HSE apologises to woman for communication failures over smear test audit
Apology is part of settlement of case taken by woman with months to live
High Court judge Mr Justice Cross congratulated the parties on achieving a settlement and wished the woman and her family well for the future.
The apology is part of a settlement, made without admission of liability, of the woman’s High Court case brought against the HSE and three laboratories.
The woman was diagnosed with cancer in April 2013 about a year after a 2012 smear test was reported by a US-based laboratory as indicating no abnormality.
She underwent a radical hysterectomy in 2013, experienced a recurrence of cancer in 2014 and now has a poor prognosis.
Her lawyers said she was “completely in the dark” until May 2018 that there had been a misreading of her 2012 smear slide.
Her consultant colposcopist was not told until 2016 that a 2014 review by a laboratory of the 2012 slide had found there was a high grade squamous intraepithelial lesion and atypical glandular cells which amounted to a “miss”, her counsel Patrick Treacy SC had earlier told the court.
She was informed of that in May 2018 by the colposcopist.
Her side claimed she probably had early stage cancer in February 2012 and, had that been identified and treated speedily, the outcome would have been better and it was unlikely the recurrence would have happened.
It was accepted she would have had to undergo a radical hysterectomy as she had in 2013.
The woman, aged in her forties, and her husband brought proceedings against the HSE and three laboratories - Medlab Pathology Ltd and Sonic Healthcare (Ireland Ltd), both with offices at Sandyford Business Park, Dublin, and Texas based Clinical Pathology Laboratories Incorporated.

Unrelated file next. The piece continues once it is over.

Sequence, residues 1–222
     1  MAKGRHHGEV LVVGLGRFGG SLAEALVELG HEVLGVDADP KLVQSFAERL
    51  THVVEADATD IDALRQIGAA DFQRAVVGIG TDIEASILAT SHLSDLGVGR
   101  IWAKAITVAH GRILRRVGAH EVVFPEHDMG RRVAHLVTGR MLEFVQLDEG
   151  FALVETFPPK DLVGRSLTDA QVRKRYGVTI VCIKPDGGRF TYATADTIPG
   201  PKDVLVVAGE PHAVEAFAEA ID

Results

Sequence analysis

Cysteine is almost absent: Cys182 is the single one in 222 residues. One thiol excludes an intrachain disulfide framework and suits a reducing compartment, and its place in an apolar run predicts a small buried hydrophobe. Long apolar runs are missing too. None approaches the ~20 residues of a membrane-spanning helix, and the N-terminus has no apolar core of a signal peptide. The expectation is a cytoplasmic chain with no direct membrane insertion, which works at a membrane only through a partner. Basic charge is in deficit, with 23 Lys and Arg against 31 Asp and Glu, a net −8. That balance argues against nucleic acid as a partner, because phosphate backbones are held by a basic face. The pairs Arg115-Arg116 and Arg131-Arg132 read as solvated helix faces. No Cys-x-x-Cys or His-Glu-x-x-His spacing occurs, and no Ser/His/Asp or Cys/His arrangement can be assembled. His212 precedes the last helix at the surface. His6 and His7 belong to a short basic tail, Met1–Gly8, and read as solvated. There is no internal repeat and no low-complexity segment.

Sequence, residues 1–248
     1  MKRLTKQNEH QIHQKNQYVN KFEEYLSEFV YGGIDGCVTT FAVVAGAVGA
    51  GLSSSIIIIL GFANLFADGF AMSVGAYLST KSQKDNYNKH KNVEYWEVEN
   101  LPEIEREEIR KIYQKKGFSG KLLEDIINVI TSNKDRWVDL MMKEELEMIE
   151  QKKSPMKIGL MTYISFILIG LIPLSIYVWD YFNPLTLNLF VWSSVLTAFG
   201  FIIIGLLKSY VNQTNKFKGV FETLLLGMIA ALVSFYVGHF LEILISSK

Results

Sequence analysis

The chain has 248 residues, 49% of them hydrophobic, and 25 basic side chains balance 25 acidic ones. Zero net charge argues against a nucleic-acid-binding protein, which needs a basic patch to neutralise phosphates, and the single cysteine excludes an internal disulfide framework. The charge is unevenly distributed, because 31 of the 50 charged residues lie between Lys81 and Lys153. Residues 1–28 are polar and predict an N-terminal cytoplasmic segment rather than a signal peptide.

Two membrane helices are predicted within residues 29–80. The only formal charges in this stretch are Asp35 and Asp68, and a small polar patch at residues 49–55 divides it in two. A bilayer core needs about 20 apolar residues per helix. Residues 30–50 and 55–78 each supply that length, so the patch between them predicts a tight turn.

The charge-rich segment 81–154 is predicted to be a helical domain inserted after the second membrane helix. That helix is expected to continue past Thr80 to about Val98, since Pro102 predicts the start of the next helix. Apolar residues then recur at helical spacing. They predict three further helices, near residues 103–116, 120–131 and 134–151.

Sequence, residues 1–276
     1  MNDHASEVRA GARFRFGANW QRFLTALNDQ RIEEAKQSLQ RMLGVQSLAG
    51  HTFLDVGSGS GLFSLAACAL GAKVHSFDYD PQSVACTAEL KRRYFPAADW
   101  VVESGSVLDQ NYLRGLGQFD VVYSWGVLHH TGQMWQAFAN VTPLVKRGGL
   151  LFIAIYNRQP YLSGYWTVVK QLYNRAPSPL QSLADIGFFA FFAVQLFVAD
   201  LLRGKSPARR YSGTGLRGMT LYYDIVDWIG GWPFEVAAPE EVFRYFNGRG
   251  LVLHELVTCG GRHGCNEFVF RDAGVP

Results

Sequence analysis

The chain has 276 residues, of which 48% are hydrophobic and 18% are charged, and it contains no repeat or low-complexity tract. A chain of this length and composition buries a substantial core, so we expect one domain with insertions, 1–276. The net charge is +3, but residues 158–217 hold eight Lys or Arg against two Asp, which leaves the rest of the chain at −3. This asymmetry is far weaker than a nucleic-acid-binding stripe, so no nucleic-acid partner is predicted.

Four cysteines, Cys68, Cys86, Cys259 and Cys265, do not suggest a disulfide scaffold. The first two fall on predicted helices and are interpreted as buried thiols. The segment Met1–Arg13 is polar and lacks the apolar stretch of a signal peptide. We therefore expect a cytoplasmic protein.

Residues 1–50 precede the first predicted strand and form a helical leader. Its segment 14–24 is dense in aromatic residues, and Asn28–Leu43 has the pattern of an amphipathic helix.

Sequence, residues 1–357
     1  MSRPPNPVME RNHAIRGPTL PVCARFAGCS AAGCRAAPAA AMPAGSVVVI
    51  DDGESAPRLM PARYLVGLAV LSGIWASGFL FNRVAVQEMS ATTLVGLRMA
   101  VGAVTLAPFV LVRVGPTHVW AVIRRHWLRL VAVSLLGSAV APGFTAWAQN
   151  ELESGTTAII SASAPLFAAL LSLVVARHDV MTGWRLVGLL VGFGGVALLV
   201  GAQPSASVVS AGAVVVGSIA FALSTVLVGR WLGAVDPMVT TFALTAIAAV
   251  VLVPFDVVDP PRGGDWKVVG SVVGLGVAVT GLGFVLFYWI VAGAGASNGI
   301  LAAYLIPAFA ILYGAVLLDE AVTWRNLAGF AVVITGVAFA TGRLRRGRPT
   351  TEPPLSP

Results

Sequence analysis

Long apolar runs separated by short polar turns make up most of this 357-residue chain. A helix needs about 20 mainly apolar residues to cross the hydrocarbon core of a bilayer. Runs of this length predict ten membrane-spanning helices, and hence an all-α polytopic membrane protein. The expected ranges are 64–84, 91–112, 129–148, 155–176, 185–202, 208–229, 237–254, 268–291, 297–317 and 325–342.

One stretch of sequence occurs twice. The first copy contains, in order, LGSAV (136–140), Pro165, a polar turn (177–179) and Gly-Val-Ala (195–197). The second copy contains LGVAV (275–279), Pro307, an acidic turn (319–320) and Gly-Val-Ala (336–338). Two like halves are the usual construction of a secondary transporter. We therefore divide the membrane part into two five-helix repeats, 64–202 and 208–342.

All of the defendants were separately represented and all denied liability.
The defendant laboratories are all subsidiaries of Sonic Healthcare, a global healthcare group headquartered in Australia.
The case opened last week and was settled on Wednesday following talks between the sides.
On behalf of the HSE and Cervical Check, a “sincere and unreserved apology” was made for “the failure by the Cervical Check programme to communicate with the woman in “a timely and appropriate way” the results of an audit that indicated a change in the interpretation of her original smear test.
The HSE said it had “mishandled” the communicating of the findings of the audits carried out on cervical smears.
“As a result we have failed the very patients who we had set out to protect.”
It added: “We can only express our sincere regret to you and your family for what has happened and it’s devastating consequences.”
A number of paragraphs of the letter of apology, to be sent to the woman, were read to Mr Justice Kevin Cross after he was told by Mr Treacy, instructed by Cian O’ Carroll solicitors, the case had been settled without an admission of liability.
Mr Justice Cross congratulated the parties on achieving a settlement and wished the woman and her family well for the future.
In evidence earlier, the woman said it was like “being slapped on the face” when she heard in May last year of the alleged incorrect reporting of her cervical smear slide six years earlier.
She said she asked the consultant why the letter about the review of her 2012 cervical smear slide had not been forwarded to her GP.
“He said he had put it in my file and put it away. It felt like my world was falling in on me.”
The woman, who cannot be named by order of the court, had confirmed in evidence last week she recently got bad news that she is no longer in remission. Doctors have advised her best prognosis is now three to six months.